Dave’s models build aging, climate, types of vehicles and more into the simulation. Then the data from the performance test is analyzed and his team can predict how many cracks the mix design might see after one winter as well as how moisture-related degradation would affect the IRI (international roughness index).
“We don’t have to wait for 10 or 12 or 15 years to see how these different alternatives perform. We are able to fast forward that time by using computers to do the simulation,” says Dave.
In a project for the Department of Defense, Dave and his team are working with drones to examine pavement from the air. In particular, his research is looking at roadways and runways and whether drones could be used in remote areas to see if black ice is present (Dave used to teach at NRRA member University of Minnesota Duluth, so he knows a lot about black ice). Likewise, he’s testing to see if drones can detect frost heave on runways. Both factors, he says, are important when landing very expensive aircraft in remote areas.
UNH is also looking at using drones for measuring the deflection on pavements on bridges using digital image correlation. If this works, it could significantly improve bridge inspections. We could “conduct bridge load tests without actually physically needing all kinds of gauges, which will lower costs substantially, and instead of having to shut down a bridge for half a day, you are looking at a matter of minutes,” says Dave.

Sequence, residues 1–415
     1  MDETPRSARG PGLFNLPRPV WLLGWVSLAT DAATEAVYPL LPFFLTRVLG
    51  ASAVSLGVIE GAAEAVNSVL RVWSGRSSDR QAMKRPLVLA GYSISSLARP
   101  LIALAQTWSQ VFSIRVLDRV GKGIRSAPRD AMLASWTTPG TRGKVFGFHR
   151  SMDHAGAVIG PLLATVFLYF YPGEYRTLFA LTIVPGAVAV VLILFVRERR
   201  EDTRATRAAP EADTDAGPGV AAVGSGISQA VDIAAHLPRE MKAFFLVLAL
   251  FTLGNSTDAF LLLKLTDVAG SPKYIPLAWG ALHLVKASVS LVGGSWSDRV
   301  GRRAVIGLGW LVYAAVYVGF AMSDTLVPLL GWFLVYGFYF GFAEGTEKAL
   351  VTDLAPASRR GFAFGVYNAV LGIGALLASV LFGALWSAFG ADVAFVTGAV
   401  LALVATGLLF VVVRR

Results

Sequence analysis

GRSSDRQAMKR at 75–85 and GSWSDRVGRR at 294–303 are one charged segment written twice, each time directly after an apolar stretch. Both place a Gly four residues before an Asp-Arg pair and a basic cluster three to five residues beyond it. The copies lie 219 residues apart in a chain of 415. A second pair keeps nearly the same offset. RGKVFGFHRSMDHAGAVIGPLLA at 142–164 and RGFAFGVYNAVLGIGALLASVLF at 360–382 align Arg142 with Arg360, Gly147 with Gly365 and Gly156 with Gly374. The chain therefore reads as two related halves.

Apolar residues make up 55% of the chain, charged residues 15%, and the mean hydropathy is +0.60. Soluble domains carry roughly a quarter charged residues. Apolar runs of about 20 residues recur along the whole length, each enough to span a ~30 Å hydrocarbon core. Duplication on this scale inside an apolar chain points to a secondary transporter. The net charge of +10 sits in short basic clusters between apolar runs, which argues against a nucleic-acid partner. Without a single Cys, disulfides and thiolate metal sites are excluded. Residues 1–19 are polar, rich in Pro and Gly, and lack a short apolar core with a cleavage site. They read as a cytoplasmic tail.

Dave and his team are also looking at 3D printing of pavement, primarily in concrete. He wants to learn how to translate some of that work into the asphalt paving world. Of course, one of his big projects is working with the NRRA on rehabilitating concrete roads with asphalt overlay. All in all, Dave and the University of New Hampshire are on the cutting edge of many pavement technologies, and as a member of our alliance, they are pushing us all into the future.
New Report: Ultra-thin Bonded Wearing Course
There's a new report from MnDOT's Research Services titled Ultra-thin Bonded Wearing Course (UTBWC) Snow and Ice and Wind Effects. The project will "research the effects of snow and ice and wind on UTBWC applications, particularly the severity/speed of wind and the wind direction relative to the road."
We want to encourage and challenge all of our NRRA members to let us know about reports like this so we can get the word out through this newsletter. If you want to publicize your research, please contact Bob Filipczak.